Tuesday, August 3, 2010 - 4:00 PM

OOS 19-8: Genetic consequences of extreme drought on a foundation tree and its dependent community

Christopher M. Sthultz, Catherine A. Gehring, Amy V. Whipple, Adrian C. Stone, and Thomas G. Whitham. Northern Arizona University

Background/Question/Methods   Current climate models predict a shift to warmer, drier conditions in the southwestern US.While major shifts in plant distribution are expected to follow these climate changes, interactions among species and intraspecific genetic variation could alter these projections. In this presentation, we examine the drought-related mortality of pinyon pine (Pinus edulis) in northern Arizona focusing on trees that show genetically-based resistance or susceptibility to two non-lethal herbivores, a shoot-boring moth and a needle feeding scale. We highlight recent studies from both field and greenhouse experiments that demonstrate differential mortality between resistant and susceptible pinyons to both herbivores and also show that the two herbivores vary in their responses to drought stress. Finally, we utilize assessments of insect and ectomycorrhizal fungi (EMF) communities associated with resistant and susceptible trees to understand the extended consequences of genetically influenced drought mortality.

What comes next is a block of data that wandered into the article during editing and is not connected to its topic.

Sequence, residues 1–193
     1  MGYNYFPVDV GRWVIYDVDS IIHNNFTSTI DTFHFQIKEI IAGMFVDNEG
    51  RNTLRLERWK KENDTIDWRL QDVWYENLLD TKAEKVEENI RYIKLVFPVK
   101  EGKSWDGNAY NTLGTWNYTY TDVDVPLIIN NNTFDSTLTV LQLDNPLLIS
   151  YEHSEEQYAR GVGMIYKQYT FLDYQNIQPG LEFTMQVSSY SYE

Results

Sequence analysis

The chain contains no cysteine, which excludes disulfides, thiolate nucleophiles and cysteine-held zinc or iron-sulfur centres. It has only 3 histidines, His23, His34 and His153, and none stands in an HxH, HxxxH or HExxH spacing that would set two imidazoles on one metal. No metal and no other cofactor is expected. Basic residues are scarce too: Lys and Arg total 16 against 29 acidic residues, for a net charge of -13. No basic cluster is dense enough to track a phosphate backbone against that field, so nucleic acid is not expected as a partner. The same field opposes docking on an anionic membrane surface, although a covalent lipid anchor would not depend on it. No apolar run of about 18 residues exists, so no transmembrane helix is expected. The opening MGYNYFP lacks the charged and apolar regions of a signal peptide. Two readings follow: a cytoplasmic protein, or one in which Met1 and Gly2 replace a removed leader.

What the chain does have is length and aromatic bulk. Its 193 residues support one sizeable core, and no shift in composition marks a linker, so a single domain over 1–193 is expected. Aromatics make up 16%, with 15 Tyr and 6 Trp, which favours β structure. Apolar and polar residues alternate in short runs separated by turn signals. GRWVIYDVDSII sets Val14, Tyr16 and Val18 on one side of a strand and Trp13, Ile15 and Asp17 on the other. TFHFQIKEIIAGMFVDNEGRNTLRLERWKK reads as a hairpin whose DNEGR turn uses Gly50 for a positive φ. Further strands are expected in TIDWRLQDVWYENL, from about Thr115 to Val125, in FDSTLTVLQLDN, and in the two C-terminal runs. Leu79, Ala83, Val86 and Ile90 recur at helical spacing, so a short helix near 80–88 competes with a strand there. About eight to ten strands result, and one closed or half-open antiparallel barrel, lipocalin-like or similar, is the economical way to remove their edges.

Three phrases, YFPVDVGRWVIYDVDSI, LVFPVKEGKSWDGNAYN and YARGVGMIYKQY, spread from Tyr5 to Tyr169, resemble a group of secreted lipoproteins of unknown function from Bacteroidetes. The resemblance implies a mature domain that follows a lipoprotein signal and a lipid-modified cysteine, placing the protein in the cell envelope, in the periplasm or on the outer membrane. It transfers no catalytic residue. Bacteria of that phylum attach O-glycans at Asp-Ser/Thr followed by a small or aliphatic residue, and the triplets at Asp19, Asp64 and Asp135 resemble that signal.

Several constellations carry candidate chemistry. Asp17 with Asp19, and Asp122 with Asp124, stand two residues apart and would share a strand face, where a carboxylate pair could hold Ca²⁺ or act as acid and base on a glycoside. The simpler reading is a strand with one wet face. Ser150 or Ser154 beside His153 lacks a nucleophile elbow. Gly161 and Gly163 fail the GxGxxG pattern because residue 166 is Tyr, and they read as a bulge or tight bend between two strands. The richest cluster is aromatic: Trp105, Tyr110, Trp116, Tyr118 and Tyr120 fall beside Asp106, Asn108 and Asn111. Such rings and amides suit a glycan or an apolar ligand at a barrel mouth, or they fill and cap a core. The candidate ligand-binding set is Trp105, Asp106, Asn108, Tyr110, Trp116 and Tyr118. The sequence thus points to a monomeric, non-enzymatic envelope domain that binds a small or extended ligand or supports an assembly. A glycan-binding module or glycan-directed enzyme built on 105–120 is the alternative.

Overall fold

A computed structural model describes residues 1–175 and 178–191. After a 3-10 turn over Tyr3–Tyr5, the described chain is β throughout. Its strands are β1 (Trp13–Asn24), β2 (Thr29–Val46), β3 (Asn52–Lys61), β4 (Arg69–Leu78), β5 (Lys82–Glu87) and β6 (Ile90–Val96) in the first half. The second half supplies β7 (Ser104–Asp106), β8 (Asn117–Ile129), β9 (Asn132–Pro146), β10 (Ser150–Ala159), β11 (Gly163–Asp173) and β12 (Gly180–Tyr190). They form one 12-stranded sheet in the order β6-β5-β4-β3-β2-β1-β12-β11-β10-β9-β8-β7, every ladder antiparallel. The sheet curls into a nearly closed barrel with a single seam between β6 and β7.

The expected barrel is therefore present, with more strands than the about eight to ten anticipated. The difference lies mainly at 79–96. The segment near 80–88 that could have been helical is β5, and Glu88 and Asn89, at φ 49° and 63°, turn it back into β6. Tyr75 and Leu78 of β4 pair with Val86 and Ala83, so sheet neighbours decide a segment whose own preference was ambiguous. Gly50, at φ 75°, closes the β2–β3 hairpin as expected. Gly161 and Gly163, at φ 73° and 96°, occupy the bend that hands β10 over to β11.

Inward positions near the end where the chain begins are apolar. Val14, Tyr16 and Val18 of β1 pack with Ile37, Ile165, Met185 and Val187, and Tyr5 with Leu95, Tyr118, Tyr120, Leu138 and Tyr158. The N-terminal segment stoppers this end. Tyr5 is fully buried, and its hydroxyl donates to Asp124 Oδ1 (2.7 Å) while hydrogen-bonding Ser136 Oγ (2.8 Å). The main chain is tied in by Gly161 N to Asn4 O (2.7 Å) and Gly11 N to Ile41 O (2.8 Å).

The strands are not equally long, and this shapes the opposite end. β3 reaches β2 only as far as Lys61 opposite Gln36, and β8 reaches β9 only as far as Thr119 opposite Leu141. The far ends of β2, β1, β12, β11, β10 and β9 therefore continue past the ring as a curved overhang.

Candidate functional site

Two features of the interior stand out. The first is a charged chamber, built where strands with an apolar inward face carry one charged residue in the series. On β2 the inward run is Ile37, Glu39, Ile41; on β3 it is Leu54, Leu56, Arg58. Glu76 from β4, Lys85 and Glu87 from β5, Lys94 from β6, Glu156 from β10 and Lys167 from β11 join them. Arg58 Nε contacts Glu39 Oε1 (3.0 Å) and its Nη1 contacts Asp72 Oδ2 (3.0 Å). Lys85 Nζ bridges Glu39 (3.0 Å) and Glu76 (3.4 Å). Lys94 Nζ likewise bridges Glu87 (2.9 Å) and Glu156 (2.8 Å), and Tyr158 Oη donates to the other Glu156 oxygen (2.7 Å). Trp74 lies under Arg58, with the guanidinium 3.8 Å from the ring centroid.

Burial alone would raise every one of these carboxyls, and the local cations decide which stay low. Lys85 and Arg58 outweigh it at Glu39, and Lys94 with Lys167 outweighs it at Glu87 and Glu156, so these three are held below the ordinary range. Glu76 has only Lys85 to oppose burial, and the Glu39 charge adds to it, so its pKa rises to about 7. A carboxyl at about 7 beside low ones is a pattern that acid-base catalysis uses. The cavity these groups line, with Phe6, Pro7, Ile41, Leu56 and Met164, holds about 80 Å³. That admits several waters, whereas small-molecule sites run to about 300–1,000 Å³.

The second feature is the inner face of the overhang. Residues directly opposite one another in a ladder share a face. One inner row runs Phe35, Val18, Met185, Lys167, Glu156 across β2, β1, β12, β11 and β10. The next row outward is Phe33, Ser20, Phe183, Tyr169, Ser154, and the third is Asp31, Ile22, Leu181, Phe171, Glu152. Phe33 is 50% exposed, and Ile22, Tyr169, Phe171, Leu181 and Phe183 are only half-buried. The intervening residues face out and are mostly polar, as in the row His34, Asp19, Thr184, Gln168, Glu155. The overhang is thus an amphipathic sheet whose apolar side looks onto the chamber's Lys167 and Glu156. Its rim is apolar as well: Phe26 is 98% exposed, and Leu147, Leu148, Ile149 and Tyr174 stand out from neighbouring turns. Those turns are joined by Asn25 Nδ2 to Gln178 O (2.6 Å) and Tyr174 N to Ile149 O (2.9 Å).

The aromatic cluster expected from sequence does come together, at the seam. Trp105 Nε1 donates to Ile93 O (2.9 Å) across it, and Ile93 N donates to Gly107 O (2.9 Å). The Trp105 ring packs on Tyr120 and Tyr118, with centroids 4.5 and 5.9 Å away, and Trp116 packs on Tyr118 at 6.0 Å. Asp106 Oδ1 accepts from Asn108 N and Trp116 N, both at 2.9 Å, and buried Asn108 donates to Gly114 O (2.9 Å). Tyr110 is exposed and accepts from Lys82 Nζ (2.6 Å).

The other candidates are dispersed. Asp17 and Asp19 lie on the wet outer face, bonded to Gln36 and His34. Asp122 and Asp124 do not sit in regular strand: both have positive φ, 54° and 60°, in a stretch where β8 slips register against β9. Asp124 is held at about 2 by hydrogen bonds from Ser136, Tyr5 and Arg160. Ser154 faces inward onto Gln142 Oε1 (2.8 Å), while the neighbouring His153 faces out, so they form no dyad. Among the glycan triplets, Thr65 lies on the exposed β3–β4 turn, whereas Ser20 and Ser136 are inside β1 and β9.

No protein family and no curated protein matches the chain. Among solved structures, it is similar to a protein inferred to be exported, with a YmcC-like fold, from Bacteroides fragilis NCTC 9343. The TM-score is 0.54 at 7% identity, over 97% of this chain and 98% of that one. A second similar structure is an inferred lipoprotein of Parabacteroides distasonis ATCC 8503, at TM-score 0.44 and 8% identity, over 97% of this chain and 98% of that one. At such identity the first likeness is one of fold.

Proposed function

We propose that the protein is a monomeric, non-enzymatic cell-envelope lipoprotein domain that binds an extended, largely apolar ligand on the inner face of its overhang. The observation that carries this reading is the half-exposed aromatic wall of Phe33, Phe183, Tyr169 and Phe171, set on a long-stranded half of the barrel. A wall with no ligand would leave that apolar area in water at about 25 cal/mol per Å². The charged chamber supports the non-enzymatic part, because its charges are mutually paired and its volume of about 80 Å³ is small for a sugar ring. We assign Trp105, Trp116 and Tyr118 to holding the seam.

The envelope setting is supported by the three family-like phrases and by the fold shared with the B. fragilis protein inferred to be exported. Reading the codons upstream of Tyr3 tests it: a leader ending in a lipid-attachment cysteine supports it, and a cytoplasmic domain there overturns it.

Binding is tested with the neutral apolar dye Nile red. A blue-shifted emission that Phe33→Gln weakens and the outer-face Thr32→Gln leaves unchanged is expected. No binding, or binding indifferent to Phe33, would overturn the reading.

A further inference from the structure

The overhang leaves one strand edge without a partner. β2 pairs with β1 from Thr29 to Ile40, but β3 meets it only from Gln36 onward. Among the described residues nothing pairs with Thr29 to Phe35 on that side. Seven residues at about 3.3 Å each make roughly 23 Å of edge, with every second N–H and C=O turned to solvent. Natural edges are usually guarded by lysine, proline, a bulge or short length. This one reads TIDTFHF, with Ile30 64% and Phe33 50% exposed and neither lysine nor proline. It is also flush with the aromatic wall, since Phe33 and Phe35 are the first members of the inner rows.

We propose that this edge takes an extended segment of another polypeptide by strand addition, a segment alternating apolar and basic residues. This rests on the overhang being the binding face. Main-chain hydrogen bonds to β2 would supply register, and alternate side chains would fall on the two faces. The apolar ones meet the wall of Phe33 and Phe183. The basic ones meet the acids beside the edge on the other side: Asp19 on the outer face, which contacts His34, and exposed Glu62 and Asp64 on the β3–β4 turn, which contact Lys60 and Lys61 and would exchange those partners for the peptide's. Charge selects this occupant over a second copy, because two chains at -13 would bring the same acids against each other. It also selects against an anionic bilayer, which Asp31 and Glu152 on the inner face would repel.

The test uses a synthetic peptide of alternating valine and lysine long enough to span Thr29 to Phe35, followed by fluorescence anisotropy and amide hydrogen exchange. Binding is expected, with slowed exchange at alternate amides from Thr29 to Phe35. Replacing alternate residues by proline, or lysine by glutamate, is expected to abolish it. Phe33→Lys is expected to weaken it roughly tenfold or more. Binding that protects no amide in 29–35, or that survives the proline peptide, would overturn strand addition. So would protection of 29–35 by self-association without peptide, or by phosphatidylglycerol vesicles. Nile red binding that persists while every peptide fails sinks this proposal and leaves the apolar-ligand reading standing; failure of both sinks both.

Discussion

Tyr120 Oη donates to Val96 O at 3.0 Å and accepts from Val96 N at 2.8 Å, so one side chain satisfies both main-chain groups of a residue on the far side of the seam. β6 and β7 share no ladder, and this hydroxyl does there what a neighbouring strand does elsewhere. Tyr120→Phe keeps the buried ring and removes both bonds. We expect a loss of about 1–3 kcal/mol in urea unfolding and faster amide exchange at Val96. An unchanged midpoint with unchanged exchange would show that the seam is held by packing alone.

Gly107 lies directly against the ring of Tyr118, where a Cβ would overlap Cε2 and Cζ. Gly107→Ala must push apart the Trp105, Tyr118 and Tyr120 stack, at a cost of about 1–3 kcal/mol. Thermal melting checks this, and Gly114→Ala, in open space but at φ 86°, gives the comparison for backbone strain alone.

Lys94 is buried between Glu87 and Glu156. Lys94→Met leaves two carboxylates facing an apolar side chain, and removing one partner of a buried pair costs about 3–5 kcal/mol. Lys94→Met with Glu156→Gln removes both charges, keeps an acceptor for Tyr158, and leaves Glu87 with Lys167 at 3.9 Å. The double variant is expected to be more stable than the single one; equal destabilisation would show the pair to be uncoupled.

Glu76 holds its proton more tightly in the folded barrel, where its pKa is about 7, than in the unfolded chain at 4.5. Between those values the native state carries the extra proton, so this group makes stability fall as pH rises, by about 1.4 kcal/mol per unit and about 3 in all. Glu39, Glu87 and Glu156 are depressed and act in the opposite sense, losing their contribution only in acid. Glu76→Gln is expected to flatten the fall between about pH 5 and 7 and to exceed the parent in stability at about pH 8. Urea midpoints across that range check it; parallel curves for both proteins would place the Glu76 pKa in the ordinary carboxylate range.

Results/Conclusions   Our recent studies demonstrate that interactions among pinyons, herbivores and drought stress are strongly dependent upon the genotype of the pinyon and which herbivore is involved. For example, pinyons that were resistant to the moth were 3x as likely to experience drought related mortality than susceptible individuals. In contrast however, juvenile pinyons resistant to the scale herbivore were more likely to survive the drought than scale susceptible trees. Interestingly, the response of the herbivores themselves also showed opposite patterns. The scale was much more abundant under drought conditions, while moth abundance actually decreased during the drought years. Our recent findings also show that associated insect and EMF communities differ between resistant and susceptible pinyons. Taken together, our findings suggest that genetic variation in a tree population can be an important factor in determining its response to future climate change, and argue for the inclusion of genetics into models developed to understand the consequences of climate change. We also argue that climate change driven changes in a foundation species will have important impacts on associated communities and possibly alter ecosystem processes that are important in recovery from extreme climatic events.